Lawrence Berkeley National Laboratory
Goldstone-like phonon modes in a (111)-strained perovskite
- Author(s): Marthinsen, A
- Griffin, SM
- Moreau, M
- Grande, T
- Tybell, T
- Selbach, SM
- et al.
Published Web Locationhttps://arxiv.org/abs/1708.03490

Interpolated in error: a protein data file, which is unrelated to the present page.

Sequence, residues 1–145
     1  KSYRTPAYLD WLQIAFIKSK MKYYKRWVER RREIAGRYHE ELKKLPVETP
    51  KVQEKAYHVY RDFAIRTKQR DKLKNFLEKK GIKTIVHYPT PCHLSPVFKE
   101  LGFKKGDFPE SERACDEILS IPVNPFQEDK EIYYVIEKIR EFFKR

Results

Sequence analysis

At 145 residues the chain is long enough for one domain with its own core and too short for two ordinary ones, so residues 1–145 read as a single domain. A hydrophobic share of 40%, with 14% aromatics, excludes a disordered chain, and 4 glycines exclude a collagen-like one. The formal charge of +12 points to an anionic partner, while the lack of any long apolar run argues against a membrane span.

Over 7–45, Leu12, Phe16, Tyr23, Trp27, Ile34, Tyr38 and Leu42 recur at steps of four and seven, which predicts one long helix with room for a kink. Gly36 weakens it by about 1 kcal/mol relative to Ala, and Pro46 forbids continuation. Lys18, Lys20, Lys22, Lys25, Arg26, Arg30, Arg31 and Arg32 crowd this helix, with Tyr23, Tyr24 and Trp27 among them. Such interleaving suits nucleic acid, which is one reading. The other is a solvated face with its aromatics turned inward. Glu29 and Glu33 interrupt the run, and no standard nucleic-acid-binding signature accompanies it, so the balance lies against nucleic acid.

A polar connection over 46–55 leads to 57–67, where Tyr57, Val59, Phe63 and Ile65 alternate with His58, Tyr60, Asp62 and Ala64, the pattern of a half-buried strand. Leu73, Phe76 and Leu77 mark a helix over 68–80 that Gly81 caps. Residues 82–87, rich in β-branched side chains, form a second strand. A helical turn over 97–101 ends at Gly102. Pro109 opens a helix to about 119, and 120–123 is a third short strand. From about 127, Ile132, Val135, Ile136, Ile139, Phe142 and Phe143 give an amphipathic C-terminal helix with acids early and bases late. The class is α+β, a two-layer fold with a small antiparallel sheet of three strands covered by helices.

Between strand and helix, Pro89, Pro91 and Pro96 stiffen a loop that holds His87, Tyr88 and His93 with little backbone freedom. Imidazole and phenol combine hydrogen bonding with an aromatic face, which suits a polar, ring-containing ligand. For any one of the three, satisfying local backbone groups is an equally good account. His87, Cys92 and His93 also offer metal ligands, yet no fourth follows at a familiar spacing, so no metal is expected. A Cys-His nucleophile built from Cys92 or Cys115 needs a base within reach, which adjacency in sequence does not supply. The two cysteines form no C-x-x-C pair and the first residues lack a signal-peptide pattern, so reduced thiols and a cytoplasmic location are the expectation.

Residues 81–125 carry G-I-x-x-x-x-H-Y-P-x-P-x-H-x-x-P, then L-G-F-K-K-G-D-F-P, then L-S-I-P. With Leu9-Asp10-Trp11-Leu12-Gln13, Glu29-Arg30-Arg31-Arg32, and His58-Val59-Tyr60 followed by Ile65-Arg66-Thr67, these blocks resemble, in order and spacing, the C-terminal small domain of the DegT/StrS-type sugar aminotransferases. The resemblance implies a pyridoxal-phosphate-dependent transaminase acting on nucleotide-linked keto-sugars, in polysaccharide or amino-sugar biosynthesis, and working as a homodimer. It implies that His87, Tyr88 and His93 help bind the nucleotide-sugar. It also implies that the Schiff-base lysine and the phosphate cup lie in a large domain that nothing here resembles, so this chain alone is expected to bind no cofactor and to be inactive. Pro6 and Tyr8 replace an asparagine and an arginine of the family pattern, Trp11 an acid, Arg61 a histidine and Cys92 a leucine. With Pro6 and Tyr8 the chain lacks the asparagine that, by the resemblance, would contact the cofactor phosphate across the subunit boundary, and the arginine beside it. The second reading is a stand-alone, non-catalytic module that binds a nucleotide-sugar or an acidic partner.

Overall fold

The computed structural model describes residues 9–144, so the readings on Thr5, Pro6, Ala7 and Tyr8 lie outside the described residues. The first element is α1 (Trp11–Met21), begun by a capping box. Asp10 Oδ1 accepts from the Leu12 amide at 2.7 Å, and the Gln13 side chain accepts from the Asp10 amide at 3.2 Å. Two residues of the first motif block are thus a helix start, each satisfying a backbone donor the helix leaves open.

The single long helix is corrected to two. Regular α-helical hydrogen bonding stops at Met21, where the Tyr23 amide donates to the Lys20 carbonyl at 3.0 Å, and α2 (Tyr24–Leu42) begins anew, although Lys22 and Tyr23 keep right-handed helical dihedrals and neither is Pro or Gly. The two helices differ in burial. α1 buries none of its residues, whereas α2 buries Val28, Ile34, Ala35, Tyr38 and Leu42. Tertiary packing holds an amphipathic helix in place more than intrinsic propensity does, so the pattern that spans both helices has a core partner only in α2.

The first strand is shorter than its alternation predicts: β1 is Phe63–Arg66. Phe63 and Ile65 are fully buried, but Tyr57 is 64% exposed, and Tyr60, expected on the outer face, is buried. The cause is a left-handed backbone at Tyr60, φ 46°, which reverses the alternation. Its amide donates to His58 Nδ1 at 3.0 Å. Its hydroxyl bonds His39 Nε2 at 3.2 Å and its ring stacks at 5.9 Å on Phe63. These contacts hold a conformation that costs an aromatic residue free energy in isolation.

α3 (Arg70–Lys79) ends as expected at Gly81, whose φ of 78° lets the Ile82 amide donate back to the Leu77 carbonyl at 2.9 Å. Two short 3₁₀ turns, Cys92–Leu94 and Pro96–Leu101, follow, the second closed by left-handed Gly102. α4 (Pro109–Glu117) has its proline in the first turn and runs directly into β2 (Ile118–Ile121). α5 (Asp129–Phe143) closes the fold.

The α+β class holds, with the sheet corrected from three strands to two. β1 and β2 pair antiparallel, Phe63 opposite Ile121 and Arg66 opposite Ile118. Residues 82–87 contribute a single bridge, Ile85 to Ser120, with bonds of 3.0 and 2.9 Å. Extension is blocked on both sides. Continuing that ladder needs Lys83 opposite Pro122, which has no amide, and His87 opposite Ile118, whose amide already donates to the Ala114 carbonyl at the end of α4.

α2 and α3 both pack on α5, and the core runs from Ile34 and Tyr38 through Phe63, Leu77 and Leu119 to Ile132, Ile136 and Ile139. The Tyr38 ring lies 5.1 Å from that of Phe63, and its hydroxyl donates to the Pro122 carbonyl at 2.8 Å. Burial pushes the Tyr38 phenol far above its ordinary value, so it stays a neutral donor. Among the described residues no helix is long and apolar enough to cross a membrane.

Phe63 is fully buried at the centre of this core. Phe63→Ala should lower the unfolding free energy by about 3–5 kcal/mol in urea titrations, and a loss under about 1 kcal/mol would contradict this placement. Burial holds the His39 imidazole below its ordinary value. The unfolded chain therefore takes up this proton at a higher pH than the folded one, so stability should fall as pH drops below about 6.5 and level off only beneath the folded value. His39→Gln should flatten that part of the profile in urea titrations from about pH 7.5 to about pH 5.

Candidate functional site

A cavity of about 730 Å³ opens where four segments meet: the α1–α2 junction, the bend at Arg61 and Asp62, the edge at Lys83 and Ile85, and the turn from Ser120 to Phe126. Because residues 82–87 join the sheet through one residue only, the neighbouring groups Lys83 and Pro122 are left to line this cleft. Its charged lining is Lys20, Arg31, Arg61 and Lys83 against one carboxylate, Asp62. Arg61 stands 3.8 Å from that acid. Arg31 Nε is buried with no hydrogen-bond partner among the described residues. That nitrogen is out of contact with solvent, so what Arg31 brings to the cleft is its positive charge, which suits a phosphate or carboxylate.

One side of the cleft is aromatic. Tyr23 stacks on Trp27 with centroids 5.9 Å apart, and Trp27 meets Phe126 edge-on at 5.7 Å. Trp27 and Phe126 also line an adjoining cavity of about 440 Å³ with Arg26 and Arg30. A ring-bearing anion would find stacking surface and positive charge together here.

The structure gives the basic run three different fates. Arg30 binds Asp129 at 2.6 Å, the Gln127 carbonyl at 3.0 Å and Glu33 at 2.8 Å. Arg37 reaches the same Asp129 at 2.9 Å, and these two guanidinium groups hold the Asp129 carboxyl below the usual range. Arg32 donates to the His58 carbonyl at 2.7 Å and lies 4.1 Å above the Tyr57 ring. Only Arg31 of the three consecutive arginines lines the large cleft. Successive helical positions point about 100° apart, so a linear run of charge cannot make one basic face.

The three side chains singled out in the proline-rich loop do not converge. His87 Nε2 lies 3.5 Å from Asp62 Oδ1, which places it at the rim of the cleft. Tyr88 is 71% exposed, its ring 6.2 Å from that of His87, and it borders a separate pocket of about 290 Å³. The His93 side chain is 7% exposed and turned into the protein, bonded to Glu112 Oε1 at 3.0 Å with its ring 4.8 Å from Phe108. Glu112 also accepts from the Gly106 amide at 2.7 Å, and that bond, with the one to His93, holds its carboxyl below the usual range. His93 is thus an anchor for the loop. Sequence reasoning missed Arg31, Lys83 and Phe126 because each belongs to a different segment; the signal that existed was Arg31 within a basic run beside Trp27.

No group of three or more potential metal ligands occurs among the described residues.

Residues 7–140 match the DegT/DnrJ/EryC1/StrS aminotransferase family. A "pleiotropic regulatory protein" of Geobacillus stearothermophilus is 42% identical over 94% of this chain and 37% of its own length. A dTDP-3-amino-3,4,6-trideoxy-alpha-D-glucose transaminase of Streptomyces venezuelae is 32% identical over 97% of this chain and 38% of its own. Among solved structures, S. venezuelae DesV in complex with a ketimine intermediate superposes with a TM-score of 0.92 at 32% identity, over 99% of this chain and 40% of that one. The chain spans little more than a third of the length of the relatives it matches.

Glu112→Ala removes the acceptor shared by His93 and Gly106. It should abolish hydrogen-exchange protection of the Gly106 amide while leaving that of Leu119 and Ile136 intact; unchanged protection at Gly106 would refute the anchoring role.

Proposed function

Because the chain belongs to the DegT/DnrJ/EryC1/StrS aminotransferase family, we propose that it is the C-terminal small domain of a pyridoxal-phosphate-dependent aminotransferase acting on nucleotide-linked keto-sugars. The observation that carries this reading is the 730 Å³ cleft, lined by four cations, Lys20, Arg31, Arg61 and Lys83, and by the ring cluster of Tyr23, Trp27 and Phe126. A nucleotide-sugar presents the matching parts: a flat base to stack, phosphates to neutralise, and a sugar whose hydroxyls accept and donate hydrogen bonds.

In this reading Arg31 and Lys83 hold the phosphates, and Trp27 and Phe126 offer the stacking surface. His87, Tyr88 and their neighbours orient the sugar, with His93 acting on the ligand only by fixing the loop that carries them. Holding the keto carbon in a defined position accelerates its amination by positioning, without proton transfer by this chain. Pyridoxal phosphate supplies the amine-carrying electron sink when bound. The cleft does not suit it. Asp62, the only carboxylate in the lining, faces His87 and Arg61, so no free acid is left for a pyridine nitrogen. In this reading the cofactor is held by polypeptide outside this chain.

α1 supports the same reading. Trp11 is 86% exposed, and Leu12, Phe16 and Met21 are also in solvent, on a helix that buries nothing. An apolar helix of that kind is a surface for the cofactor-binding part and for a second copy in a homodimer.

© 2018 American Physical Society. Goldstone modes are massless particles resulting from spontaneous symmetry breaking. Although such modes are found in elementary particle physics as well as in condensed-matter systems like superfluid helium, superconductors, and magnons, structural Goldstone modes are rare. Epitaxial strain in thin films can induce structures and properties not accessible in bulk and has been intensively studied for (001)-oriented perovskite oxides. Here we predict Goldstone-like phonon modes in (111)-strained SrMnO3 by first-principles calculations. Under compressive strain the coupling between two in-plane rotational instabilities gives rise to a Mexican hat-shaped energy surface characteristic of a Goldstone mode. Conversely, large tensile strain induces in-plane polar instabilities with no directional preference, giving rise to a continuous polar ground state. Such phonon modes with U(1) symmetry could emulate structural condensed-matter Higgs modes. The mass of this Higgs boson, given by the shape of the Mexican hat energy surface, can be tuned by strain through proper choice of substrate.